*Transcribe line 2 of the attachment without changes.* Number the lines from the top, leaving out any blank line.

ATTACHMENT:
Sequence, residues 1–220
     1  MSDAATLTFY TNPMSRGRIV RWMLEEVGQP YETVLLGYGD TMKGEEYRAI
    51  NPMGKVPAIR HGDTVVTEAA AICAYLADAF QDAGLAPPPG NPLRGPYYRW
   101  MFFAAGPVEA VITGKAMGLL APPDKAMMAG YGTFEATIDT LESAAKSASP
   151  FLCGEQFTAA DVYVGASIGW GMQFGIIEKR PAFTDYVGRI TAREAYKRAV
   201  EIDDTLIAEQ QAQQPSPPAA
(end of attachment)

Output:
     1  MSDAATLTFY TNPMSRGRIV RWMLEEVGQP YETVLLGYGD TMKGEEYRAI